Jewish Studies

The goal of this secondary field pathway is to provide a basic exposure to fundamental elements of the history, literature, religious thought, and legal institutions of Jewish civilization. As in other areas of undergraduate liberal arts education, and even more so in a secondary field of five courses, our goal is not to impart comprehensive knowledge of an entire academic field, but rather to ensure that students will have a basic framework for asking questions and tools for seeking answers.

A combination of a historical survey (“Jews, Judaism, and Jewishness: A History”) focusing heavily on the pre-modern experiences of the Jews, with a course about modern Jewish history or literature and additional courses in different specific areas provide secondary field students with an exposure to Jewish culture through the ages, equipping them with a basic familiarity with Jewish culture, history, and literature.

Requirements: 5 half-courses

  1. Two "gateway" courses:

    1. Jewish Studies 55: Jews, Judaism, and Jewishness

    2. One survey of either modern Jewish history or modern Jewish literature (currently Historical Studies A-44: Jews in Modern Times: From the French Revolution to the Emergence of Israel; Jewish Studies 143:Jews in the Modern World; or Lit and Arts A-48: Modern Jewish Literature).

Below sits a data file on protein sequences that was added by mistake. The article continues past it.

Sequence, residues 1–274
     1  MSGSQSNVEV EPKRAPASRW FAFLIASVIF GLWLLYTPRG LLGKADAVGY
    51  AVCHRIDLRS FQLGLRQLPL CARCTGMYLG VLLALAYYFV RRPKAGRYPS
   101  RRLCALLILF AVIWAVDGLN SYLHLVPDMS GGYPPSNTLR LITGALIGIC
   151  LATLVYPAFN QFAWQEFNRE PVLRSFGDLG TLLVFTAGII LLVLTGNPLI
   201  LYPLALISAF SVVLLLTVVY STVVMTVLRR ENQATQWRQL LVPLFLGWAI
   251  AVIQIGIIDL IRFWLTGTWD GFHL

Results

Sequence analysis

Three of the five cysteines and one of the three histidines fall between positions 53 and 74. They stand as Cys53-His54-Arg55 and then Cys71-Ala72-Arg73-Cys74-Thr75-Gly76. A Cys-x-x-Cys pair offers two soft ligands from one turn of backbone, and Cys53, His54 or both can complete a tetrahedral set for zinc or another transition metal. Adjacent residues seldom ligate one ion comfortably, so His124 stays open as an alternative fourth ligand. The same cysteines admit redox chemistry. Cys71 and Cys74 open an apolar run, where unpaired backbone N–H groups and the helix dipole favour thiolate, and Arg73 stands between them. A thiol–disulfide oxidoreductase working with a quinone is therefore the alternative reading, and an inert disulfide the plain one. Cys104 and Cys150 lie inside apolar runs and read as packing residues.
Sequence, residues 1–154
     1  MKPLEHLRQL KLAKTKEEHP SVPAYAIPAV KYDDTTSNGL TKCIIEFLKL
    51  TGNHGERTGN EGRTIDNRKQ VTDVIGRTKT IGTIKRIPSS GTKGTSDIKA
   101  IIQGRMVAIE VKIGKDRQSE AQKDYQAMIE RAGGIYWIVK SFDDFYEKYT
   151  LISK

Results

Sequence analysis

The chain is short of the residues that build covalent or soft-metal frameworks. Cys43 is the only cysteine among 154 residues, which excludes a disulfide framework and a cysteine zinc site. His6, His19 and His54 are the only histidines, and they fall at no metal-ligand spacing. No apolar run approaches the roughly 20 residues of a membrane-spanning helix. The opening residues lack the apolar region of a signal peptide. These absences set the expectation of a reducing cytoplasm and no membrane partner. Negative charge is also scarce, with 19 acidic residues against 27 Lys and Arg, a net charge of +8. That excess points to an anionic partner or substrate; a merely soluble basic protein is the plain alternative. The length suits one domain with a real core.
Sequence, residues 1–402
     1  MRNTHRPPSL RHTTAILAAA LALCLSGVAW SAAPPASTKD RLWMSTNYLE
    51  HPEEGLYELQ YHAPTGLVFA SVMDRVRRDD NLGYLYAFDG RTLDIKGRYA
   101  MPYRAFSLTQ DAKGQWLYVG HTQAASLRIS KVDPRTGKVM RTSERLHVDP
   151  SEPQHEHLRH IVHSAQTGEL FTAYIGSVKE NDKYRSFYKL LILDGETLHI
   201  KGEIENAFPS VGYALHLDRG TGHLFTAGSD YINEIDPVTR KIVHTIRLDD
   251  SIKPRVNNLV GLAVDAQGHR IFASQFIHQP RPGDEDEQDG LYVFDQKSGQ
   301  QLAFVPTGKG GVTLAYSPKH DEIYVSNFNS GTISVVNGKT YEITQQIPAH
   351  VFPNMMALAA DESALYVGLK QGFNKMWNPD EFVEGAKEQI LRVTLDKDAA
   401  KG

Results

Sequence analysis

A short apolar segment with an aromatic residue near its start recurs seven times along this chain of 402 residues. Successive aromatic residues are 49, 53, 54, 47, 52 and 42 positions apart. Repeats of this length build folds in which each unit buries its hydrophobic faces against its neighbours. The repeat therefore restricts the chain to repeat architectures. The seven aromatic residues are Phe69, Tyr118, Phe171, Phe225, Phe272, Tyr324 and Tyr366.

1. Three additional half courses in Jewish Studies, at least two of which must be at the 100 level or above.

  2. Students are free to pick from any three courses in Jewish Studies offered in the Department of Near Eastern Languages and Civilizations or elsewhere, these courses to be approved by the director of undergraduate studies or his/her designee. Qualified students are encouraged to consider taking their elective courses in languages important to the study of Jewish cultures (Hebrew, Yiddish, Aramaic; these can be either language or literature courses). However, no more than two of these courses may be courses whose primary focus is language instruction.